Step 1: Car Loan Basics

Step 1: Car Loan Basics

A brand new vehicle can range from as low as P400,000 to as much as P7,000,000 or even more. Unless you have 6 or 7 figures stashed in your bank account that you can spend on a whim, your best chance to own a car is through a car loan. 

What is a Car Loan? 

Car loan is borrowing a certain amount of money from a bank or dealer to purchase a new vehicle. The borrowed money is paid on a monthly basis and with an interest. The interest rate is an additional cost on top of the loan principal. 

It is a common misconception for new car buyers to assume they automatically own the car. But that’s not the case. The lender is buying the car for you in the agreement that you will fulfill your responsibilities which is to pay back the agreed loan. To sum it all up, the bank or the dealer owns your vehicle but you can still feel that the car is yours as you are responsible for the maintenance, taxes, gas, and other vehicle expenses. Once you finish paying for the car loan, the bank will provide you with legal documents such as Release of Chattel Mortgage and Original LTO Certificate of Registration with Official Receipt for transfer of ownership.  

In case you fail to meet the agreed monthly payment, the lender can repossess your car.

Years to Pay

There are 3 common car loan terms that you can avail of – 36 months, 48 months, and 60 months. Let’s say you are getting a car with a P1,000,000 price tag. Your downpayment is 20% (P200,000), the remaining balance which is P800,000 will be financed through your preferred lender. If you choose 60 months or 5 years of loan term, you will need to pay an estimated monthly amortization of P16,971 until the amount financed is paid back. The mentioned monthly payment includes the interest rate but excludes tax and insurance.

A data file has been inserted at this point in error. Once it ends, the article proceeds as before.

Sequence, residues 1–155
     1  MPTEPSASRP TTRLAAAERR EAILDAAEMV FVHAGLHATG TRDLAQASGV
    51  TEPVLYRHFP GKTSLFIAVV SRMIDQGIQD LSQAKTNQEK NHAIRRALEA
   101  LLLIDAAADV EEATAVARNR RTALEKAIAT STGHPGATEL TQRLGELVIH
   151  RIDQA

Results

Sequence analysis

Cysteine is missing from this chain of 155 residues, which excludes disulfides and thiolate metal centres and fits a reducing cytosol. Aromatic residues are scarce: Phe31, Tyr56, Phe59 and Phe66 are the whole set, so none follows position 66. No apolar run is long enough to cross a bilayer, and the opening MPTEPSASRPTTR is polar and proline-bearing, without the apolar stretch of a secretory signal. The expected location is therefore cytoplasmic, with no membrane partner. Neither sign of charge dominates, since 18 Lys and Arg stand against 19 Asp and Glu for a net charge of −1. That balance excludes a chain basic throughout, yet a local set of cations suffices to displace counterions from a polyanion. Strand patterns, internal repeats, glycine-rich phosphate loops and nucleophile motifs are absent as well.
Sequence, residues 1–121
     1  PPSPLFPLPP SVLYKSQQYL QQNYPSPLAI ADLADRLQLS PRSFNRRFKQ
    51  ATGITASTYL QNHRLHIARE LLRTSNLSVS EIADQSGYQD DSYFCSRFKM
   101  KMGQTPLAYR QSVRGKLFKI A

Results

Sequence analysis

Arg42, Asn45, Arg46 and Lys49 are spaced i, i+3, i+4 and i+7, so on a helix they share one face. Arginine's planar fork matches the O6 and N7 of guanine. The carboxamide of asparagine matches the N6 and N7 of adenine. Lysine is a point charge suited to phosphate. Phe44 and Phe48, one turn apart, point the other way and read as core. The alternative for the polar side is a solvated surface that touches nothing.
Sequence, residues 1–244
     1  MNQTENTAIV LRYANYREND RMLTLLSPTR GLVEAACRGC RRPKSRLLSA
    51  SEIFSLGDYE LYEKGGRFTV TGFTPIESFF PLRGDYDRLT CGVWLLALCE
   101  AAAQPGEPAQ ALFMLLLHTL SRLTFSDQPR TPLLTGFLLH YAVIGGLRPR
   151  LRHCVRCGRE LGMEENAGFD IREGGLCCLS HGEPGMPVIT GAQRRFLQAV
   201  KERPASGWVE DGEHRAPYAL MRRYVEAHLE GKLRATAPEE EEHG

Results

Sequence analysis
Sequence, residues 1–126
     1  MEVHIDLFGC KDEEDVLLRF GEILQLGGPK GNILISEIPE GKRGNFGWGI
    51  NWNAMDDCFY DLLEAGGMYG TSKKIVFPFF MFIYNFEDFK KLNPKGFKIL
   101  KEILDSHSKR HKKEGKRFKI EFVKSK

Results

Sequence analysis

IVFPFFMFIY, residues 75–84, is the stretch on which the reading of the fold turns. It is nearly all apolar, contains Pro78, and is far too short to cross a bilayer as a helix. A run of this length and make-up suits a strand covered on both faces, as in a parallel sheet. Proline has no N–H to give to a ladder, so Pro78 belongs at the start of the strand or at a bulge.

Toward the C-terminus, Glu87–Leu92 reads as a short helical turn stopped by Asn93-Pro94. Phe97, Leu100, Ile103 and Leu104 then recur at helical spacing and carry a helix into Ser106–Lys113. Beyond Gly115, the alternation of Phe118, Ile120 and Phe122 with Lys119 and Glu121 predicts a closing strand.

Credit Standing

Just because you can afford to shell out the 20% downpayment, it doesn’t mean that any lender will openly lend you money. Banks, dealers, and private lending companies enforce strict loan approval which includes checking your credit standing. Lenders will request for your bank and credit card statement, Certificate of Employment, Latest Income Tax Return (ITR), and other legal documents that can verify your financial capabilities. 

They can also ask you if you have a credit card or an existing car loan. These factors can affect your chances of getting a car loan approval. In case that you have insufficient income, the lending company can ask you to have one family relative as a co-borrower. The co-maker is the surety, an insurer of the debt, and not a guarantor which means that when the principal borrower is unable to comply, the co-maker is responsible for meeting the payment.